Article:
The annual NFL Owners Meeting was held this week in Boca Raton, Florida and PewterReport.com was on hand all four days. On Wednesday morning the NFC coaches met with the media for breakfast and Bucs head coach Dirk Koetter spoke to a number of local and national media regarding his team and the upcoming 2016 season.
Among the areas Bucs head coach Dirk Koetter would like to see Jameis Winston and the offense improve next season, is with their deep-ball completion percentage.
An offensive-minded coach, Koetter is known to try to push the ball down the field with shots through the air. He calls these plays “explosives”, defined as throws that are 16-plus yards or runs of 11 yards and over. While Tampa Bay tied for the league-lead in explosives with 139 in 2015, Koetter and new offensive coordinator Todd Monken, after pouring through tape, determined that plenty more were left on the field.
Bucs WRs Mike Evans, Vincent Jackson & Kenny Bell – Photo by: Cliff Welch/PR
“If we’re talking about the last four games, there were a couple times when “DeDe” (Donteea Dye) ran a beautiful post route and got behind the defense – I think twice in the Chicago game – and Jameis overthrew him,” Koetter said. “There was the timing thing, though. He had to let one of them go way too early because of the pressure, so there are a lot of factors involved.”
Still, Koetter believes the Bucs offense can do better. Noting rule changes that give wide receivers the benefit of the doubt, along with having a rare talent in Mike Evans, Koetter wants to take advantage deep ball opportunities with better execution from players, specifically Jameis Winston.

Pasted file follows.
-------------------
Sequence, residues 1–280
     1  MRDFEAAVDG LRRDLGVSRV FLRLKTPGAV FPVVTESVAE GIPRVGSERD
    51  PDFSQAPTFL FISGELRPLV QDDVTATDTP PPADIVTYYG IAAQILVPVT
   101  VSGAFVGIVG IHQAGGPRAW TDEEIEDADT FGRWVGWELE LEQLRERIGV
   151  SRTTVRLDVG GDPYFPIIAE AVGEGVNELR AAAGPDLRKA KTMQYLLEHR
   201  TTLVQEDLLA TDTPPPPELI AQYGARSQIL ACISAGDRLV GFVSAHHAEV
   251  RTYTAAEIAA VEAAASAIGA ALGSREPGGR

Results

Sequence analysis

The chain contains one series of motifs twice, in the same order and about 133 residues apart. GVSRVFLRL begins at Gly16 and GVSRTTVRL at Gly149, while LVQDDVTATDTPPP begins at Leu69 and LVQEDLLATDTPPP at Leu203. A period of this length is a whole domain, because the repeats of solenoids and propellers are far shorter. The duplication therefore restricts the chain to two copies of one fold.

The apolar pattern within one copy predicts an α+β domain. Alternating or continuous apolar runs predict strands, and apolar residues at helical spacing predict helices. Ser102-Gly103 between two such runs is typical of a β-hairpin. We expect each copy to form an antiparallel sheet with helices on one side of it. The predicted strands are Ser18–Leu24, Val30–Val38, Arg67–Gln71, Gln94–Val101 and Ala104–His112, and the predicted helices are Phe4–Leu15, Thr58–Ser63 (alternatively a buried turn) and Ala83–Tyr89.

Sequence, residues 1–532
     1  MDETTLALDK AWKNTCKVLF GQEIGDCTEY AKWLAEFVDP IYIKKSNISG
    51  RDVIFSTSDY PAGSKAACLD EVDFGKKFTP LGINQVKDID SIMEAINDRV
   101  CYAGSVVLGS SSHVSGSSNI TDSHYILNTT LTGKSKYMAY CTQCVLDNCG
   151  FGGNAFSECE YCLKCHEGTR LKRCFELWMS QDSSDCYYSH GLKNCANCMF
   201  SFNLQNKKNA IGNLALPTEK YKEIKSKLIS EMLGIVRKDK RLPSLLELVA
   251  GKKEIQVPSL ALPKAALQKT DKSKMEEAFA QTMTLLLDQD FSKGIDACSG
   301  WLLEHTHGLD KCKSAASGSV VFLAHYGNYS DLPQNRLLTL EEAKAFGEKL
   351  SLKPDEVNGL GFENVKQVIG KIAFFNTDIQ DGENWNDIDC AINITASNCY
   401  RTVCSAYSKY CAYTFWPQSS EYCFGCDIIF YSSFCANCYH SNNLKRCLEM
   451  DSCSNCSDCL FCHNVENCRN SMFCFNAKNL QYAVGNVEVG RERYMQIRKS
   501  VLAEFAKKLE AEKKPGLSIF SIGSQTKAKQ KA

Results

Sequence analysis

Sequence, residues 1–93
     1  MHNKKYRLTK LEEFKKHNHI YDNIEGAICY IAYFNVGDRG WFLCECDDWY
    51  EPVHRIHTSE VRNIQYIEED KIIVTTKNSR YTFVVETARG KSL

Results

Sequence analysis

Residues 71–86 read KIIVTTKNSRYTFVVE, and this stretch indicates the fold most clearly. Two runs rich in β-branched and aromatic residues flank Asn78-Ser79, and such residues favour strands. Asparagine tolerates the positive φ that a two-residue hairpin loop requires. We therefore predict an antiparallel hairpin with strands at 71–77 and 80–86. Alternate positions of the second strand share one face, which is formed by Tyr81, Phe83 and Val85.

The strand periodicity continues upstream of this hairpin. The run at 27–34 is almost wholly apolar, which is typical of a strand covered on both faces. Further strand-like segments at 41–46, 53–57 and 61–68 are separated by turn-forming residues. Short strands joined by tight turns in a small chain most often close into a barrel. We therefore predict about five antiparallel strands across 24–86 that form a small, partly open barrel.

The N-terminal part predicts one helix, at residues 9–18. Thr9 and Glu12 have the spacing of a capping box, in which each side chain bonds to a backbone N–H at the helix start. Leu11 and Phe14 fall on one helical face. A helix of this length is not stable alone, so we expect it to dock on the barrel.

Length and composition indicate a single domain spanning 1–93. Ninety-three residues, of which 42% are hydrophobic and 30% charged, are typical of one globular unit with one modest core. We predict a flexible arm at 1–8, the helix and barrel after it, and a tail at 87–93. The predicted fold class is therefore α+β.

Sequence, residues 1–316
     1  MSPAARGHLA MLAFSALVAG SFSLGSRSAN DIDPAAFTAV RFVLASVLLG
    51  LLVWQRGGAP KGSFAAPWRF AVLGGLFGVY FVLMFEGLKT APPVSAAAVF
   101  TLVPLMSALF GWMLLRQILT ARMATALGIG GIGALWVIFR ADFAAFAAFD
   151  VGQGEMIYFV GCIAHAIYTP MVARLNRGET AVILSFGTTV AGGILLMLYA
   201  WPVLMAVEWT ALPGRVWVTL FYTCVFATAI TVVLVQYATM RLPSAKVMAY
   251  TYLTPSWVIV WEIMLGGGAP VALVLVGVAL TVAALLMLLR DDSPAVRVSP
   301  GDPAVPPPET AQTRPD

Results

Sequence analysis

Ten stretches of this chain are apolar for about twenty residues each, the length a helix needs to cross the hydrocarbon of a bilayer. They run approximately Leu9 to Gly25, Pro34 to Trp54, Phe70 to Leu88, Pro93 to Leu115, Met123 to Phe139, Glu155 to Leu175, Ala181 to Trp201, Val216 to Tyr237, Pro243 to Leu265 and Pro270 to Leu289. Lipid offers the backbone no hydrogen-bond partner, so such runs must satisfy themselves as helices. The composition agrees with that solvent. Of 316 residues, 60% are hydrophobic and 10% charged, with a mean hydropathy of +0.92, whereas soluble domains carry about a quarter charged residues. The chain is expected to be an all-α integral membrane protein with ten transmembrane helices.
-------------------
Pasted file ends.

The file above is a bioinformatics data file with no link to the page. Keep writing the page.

The only thing Koetter asks of his quarterback is to give the wide receiver a chance.
“How many balls deep down the sideline do you see that is either out of bounds or five yards over-thrown?” Koetter asked. “Our term for that is, ‘Give him a chance.’ Give him a chance, give him a chance, give him a chance.
“We have landmarks – depths and landmarks that we’re trying to hit on the field based on route concept,” he continued. “If we’re going to go through all that trouble to call it, to protect it and to get back there, and all it comes down to is we have to hit this spot and give Mike Evans a chance – that’s the easy part. At least that’s what we tell Jameis. It’s probably not, but that’s what we tell him.”
Koetter’s criticism says more about what he thinks Winston is capable of than what he thinks the young quarterback is doing wrong. Winston threw for over 4,000 yards last season – the third rookie QB in history to exceed that mark – but Koetter clearly sees a higher ceiling.
And just to make sure everyone knew he wasn’t minimizing an impressive rookie year, he reminded reporters that Winston created more plays than he missed in his first NFL season.
“Jameis made a lot of plays off schedule,” Koetter said. “We can all play the woulda-shoulda-coulda game, and it’s hard not to, but it sort of all evens out. We’re just trying to improve on the things we can do better.
“You realize that Jameis makes so many plays that we didn’t plan that way. You can have the greatest game plan in the world, and the other side of the field, they’re getting paid too.”
Zach is entering his 3rd year covering the Tampa Bay Buccaneers as a writer for PewterReport.com. Since 2014, he's handled a large part of the beat reporting responsibilities at PR, attending all media gatherings and publishing and promoting content daily. Zach is a native of Sarasota, FL, and a graduate of the University of Tampa. He has also covered high school football for the Tampa Tribune and the NFL for Pro Player Insiders.
Contact him at: firstname.lastname@example.org
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